See also:<br>
:Fr. [[w:Lev Gillet|Lev Gillet]]. Review of: ''S. Josaphat Hieromartyr. Documenta romana beatifications et canonizationis, I, 1623-1628. By Athanasius G. Welykyj, OSBM. Analecta OSBM,Series II. Rome, 1952. xxv + 306 pages.'' '''The Slavonic and East European Review.''' Vol.31, No.77, Jun., 1953. p.596.</ref>
*1633 Ethiopian emperor [[w:Fasilides of Ethiopia|Fasilides]] expels Jesuits and other Roman Catholic missionaries from Ethiopia.
*1646 [[w:Union of Uzhhorod|Union of Uzhhorod]] joins 63 Ruthenian Orthodox priests from the Carpathian Mountains to Roman Catholic Church on terms similar to [[Union of Brest]].
*1648 Martyrdom of Igumen [[Athanasius of Bretsk|Athanasius of Brest-Litovsk]] due to his very strong opposition to the [[Union of Brest]].
*1671 French Roman Catholic nun [[w:Marguerite Marie Alacoque|Margaret Mary Alacoque]] promoted devotion to the Cult of the [[w:Sacred Heart|Sacred Heart]] of Jesus in its modern form.<ref group="note">Marguerite Marie Alacoque was briefly preceeded in establishing the devotion to the Sacred Hearts by her contemporary Fr. [[w:Jean Eudes|Jean Eudes]] (canonized in 1925), a French missionary who was founder of the [[w:Congregation of Jesus and Mary|Congregation of Jesus and Mary]], of the [[w:Sisters of Our Lady of Charity of the Refuge|Sisters of Our Lady of Charity of the Refuge]], and author of the Propers for Mass and Divine Office of the Sacred Hearts of Jesus and Mary. The feast of the [[w:Immaculate Heart of Mary|Holy Heart of Mary]] was celebrated for the first time in 1648, and that of the [[w:Sacred Heart|Sacred Heart of Jesus]] in 1672.</ref>
*1672 [[w:Synod of Jerusalem|Synod of Jerusalem]] convened by Patr. [[Dositheus II Notarius of Jerusalem|Dositheos Notaras]], refuting article by article the Calvinistic confession of [[Cyril Lucaris]], defining Orthodoxy relative to Roman Catholicism and Protestantism, and defining the Orthodox Biblical canon; acts of this council are later signed by all five patriarchates (including Russia).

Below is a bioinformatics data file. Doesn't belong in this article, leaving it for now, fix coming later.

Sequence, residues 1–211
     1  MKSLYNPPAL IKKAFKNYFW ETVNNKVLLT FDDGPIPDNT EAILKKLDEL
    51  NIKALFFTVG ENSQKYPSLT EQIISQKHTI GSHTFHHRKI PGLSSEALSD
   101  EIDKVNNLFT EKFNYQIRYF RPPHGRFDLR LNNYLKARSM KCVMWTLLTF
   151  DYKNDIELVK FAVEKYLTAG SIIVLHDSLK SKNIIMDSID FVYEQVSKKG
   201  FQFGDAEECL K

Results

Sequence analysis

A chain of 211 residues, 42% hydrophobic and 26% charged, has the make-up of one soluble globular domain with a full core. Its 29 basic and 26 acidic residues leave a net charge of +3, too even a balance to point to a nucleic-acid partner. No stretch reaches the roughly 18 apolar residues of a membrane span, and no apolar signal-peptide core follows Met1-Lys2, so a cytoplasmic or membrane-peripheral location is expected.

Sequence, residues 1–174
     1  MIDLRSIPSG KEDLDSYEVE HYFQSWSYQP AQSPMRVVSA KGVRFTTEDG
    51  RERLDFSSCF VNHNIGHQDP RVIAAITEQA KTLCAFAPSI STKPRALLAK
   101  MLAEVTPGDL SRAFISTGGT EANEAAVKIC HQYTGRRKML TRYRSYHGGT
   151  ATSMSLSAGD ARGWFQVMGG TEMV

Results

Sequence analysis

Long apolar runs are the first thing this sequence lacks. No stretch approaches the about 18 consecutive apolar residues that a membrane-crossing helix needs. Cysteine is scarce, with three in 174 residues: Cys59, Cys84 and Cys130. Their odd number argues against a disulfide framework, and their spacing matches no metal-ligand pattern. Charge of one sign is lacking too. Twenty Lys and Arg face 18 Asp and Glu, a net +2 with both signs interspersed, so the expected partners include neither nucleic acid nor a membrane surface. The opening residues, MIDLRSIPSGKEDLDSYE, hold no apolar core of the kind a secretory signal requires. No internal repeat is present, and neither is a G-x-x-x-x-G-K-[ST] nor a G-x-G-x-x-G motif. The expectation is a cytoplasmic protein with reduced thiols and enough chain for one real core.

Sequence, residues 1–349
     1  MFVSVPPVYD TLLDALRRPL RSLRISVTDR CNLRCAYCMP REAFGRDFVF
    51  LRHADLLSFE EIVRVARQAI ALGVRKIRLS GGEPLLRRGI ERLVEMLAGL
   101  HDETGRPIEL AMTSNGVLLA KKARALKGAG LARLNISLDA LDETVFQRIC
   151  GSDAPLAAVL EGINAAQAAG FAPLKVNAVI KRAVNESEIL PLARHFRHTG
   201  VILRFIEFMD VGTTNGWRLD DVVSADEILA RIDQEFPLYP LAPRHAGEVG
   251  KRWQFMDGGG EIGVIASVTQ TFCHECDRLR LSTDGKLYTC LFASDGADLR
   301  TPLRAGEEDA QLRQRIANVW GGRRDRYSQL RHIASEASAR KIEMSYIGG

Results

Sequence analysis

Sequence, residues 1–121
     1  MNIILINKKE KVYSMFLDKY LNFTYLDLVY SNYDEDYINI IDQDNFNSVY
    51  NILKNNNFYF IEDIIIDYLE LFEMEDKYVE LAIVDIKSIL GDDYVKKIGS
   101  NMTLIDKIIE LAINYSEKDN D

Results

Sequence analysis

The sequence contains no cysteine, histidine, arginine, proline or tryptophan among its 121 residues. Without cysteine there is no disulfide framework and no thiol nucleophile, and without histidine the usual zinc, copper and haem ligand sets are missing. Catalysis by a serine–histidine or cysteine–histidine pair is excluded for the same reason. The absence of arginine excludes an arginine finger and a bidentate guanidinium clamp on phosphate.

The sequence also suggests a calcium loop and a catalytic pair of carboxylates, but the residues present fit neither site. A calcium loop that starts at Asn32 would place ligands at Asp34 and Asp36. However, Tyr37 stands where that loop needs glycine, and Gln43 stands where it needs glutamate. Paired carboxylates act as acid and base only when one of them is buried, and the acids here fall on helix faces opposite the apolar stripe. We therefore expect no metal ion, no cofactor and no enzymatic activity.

*1722 Council in Constantinople, in which Athanasios of Antioch (+1724) and Chrysanthos of Jerusalem (1707-1731) participated, decided for the re-baptism of the Latins.<ref name=PIRAEUSandDRYINOUPOLIS4/><ref>Fr. George Dragas. ''[ The Manner of Reception of Roman Catholic Converts into the Orthodox Church].'' Myriobiblos Library. Retrieved: 2014-05-09.</ref>
*1724 [[Melkite]] [[Schism]], in which many [[Church of Antioch|Antiochian Orthodox]] become Greek Catholics; Old Catholic Schism: on October 15, 1724 Roman Catholic Bp. Dominique (Varlet) of Baghdad consecrated the first dissident bishop of Utrecht, Bp. Cornelius van Steenhoven (elected in 1723), as the [[w:Old Catholic Church of the Netherlands|Church of Holland]], (or [[w:Old Catholic Church of the Netherlands|Church of Utrecht]]) broke with Rome under its own archbishop and hierarchy, becoming the mother church of the Old Catholic Churches.<ref group="note">The Old Catholic Church of the Netherlands headquartered at the city of Utrecht in the Netherlands was [[w:Ultrajectine|Ultrajectine]] in tradition, rejecting papal infallibility and holding to the belief that only the Church in Ecumenical Council may speak infallibly; it was Roman Catholic in liturgy and belief, but refused to submit to Papal abuses.</ref>
*1740 [[w:Pope Benedict XIV|Pope Benedict XIV]] (Prospero Lorenzo Lambertini) promulgated the encyclical ''Pastoralis Romani Pontificis'' on March 30, in which he enforced and declared that he, his predecessors, and all his successors hold Papal Infallibility, and that [[Ecumenical Councils|ecumenical councils]] should be discouraged, as they can undermine one of the principle pillars of the papacy - infallibility.
*1755 [[Synod of Constantinople (1755)|Synod of Constantinople]] declares Roman Catholic baptism invalid and ordered baptism of converts from Roman Catholicism.
*1763 The [[w:Jansenism|Jansenist]] Provincial Council of Utrecht, seed of the future [[w:Old Catholic Church|Old Catholic]] movements, affirmed every Roman Catholic dogma and pronounced the Orthodox Faith to be schismatic and false, signalling not so much a rapprochement with Orthodoxy, but rather a refusal to drift yet further from her, as much of the Roman fold was doing.
*1767-1815 [[w:Suppression of the Society of Jesus|Suppression of the Jesuits]] in Roman Catholic countries, subsequently finding refuge in Orthodox nations, particularly in Russia.
*ca.1770 About 1,200 Kiev region Uniate churches return to Orthodoxy under political pressure from Russia.